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From Punch Drunk to CTE: A Deeper Look into CTE in Boxing

Sugar Ray Robinson at the Uptown Gym. Source: Charles Payne

Chronic traumatic encephalopathy is a progressive and fatal brain disease that is oftentimes associated with traumatic brain injuries. These could be recurring concussions or hard hits to the head.

The current widespread awareness of CTE can mainly be attributed to Dr. Bennet Omalu. He first found the link between contact sports and brain injuries in 2002 after citing his findings on NFL Hall of Fame center, Mike Webster.

Since then, Dr. Omalu and his team have been able to discover treatments and diagnose the disease. Omalu was the first medical professional to find the correlation in other sports other than boxing.

In 1928, pathologist Harrison Martland discovered that following blows to the head and face during fights, fighters would appear to be in an altered state after the fight ended and took up to two hours to fully recover.

However, what followed would truly be the starting point of CTE in the MMA world.

Martland found that even years after fighters quit boxing, they exhibited tremors and short-term memory loss. He said that those who truly experienced the worst of the symptoms were those who spent significant time in the ring taking blow after blow.

The term “concussion” was coined in the 10th century by a Persian doctor, Rhazes ,according to

Pubmed. By the 19th century, concussions were classified as traumatic brain injuries or TBI.

The link was clear: Violent contact sports cause brain injuries.

The numbers are staggering. According to the Association of Neurological Surgeons, 90% of boxers will have some form of a concussion over the course of their careers.

According to Business Insider in 2017, there are currently 20,000 active professional boxers. 18,000 of them will have at least one concussion..

After receiving their first concussion, a fighter is one to two times more likely to have another one. Those odds increase to two to four times after the second one, according to Revere Health.

So, what does this mean for fighters?

Take boxing legend Muhammed Ali, for example. Ali died in June 2016 due to Parkinson’s Syndrome. The difference between Parkinson’s Disease and the former is huge according to Mike Silver in his review of “Damage: The Untold Story of Brain Trauma In Boxing.”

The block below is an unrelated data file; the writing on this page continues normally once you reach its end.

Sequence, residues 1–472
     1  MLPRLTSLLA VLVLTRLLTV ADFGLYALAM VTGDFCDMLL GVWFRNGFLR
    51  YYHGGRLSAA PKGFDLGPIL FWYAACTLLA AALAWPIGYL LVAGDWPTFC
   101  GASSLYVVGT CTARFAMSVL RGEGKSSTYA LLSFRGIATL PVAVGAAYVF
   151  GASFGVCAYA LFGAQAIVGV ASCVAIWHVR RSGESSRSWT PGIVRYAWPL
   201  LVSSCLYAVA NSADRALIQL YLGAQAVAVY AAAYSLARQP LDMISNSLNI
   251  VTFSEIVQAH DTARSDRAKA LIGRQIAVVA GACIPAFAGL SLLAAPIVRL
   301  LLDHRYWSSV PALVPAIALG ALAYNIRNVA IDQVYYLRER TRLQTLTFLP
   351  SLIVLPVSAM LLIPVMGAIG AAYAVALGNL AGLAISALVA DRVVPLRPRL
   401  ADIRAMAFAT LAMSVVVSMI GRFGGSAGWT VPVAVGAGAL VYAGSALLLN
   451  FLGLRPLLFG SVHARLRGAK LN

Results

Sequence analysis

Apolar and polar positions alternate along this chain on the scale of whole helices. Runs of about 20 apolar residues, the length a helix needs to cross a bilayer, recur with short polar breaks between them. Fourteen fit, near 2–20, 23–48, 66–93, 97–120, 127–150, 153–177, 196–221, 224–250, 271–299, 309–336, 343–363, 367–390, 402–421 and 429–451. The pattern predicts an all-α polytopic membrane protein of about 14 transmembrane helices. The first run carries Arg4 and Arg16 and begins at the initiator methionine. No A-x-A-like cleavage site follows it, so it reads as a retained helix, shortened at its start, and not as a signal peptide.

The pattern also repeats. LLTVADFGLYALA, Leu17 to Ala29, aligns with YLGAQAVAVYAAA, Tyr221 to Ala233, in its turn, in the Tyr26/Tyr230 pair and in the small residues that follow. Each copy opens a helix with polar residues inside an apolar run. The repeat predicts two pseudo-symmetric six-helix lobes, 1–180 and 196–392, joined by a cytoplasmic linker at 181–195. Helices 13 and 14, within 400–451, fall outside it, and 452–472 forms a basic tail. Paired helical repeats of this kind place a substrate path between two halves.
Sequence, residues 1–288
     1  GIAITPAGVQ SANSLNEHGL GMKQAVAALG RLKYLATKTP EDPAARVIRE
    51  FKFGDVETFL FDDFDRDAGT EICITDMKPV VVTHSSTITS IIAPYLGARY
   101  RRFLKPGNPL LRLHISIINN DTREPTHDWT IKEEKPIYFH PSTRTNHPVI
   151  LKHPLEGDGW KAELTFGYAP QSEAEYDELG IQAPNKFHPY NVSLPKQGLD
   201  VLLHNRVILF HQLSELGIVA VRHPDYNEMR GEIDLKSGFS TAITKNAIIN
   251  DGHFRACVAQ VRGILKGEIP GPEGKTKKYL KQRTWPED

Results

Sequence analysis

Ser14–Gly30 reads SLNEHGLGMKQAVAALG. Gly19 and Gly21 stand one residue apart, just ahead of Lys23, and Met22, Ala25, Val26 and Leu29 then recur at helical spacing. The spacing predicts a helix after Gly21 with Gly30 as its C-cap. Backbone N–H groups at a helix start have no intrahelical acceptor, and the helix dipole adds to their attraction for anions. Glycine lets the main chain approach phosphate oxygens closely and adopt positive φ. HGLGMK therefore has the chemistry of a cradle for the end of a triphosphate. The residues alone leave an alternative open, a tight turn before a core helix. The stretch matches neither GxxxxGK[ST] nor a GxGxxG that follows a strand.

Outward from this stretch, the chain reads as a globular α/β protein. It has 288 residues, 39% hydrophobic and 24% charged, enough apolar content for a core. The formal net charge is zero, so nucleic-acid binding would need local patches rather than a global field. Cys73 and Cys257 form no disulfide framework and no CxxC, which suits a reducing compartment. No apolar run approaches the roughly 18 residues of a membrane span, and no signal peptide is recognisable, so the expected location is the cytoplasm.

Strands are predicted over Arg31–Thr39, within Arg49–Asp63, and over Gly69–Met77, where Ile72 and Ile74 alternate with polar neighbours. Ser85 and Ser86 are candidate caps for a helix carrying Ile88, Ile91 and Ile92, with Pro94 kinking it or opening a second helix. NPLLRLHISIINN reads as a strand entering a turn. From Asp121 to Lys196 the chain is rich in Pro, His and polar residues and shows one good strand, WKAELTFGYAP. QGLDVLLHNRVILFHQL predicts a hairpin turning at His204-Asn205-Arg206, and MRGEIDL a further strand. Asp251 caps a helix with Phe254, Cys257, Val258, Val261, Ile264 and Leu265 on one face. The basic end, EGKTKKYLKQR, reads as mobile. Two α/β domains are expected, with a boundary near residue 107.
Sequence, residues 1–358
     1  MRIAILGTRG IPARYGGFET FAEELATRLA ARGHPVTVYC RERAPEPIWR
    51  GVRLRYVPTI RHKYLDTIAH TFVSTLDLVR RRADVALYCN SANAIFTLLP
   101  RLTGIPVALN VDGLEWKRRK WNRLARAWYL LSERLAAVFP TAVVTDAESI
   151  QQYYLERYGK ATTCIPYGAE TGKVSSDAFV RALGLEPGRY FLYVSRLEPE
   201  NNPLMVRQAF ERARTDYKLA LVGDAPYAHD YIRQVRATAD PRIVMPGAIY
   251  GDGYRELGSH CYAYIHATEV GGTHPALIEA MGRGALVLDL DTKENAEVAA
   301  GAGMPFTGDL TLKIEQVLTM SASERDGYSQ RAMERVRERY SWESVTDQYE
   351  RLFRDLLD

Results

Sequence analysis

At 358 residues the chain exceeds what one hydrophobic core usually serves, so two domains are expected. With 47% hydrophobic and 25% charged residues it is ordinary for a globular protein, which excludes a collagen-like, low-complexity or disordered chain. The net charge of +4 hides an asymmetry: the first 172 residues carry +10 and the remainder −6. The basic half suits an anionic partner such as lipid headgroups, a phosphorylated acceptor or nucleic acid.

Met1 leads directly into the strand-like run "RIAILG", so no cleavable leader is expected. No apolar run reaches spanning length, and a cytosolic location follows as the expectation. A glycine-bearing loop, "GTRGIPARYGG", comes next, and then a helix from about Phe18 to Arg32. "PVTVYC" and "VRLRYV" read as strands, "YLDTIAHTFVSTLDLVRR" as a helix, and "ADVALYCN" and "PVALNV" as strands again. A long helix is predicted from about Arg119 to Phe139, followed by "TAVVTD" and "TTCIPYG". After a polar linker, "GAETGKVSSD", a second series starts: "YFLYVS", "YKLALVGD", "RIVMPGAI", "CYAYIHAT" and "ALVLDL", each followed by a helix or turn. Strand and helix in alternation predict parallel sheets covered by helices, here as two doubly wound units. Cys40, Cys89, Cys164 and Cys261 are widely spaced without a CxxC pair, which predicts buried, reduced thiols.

“Ali actually suffered from Parkinson’s syndrome, which is destruction by trauma to the same parts of the brain that are destroyed by someone who develops Parkinson’s disease,” said Silver. “It is not the same as Parkinson’s disease and has a different cause.”

However, some are skeptical as to what actually led to Ali’s eventual passing.

According to the book's author, Tris Dixon, in his interview with Dr. Robert Cantu, one of the world’s most renowned brain surgeons and head of the NFL Head, Neck and Spine Committee, says that CTE is the cause.

“CTE is a highly serious issue itself, but it could also be an accelerant to other neurological illnesses,” said Cantu. “Of the great fighters who died and were diagnosed with dementia, Parkinson’s, ALS, or Alzheimer’s over the years, there is not only a chance that it was just CTE misdiagnosed, but it could have triggered different medical problems.”

Cantu goes on to say that those fighters who had died with those diseases had gotten them almost two decades sooner than normal.

So where do combat sports go from here?

In May 2021, UFC revealed their first concussion protocol guidelines, according to ESPN writer, Mark Raimondi.

Raimondi states that the 484-page document is a similar version of the NFL protocol guidelines for brain injuries. However, it seems combat sports has done their due diligence on a very important topic to keep fighters healthy and safe.

There is still work to be done to make sure that fighters are protected and supported at all levels. It is encouraging that one of the biggest fighting conglomerates has recognized an issue and taken strides to combat CTE.

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